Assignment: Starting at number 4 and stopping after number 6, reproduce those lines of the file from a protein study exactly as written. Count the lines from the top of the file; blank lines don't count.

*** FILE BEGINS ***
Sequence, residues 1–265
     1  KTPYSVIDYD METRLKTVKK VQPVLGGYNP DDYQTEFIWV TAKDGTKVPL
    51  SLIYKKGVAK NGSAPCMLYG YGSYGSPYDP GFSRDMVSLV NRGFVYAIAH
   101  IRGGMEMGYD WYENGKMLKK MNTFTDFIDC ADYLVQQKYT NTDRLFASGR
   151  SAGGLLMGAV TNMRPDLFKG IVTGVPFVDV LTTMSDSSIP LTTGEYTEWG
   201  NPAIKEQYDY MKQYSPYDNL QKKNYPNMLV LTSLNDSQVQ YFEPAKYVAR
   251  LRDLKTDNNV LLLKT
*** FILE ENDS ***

   101  IRGGMEMGYD WYENGKMLKK MNTFTDFIDC ADYLVQQKYT NTDRLFASGR
   151  SAGGLLMGAV TNMRPDLFKG IVTGVPFVDV LTTMSDSSIP LTTGEYTEWG
   201  NPAIKEQYDY MKQYSPYDNL QKKNYPNMLV LTSLNDSQVQ YFEPAKYVAR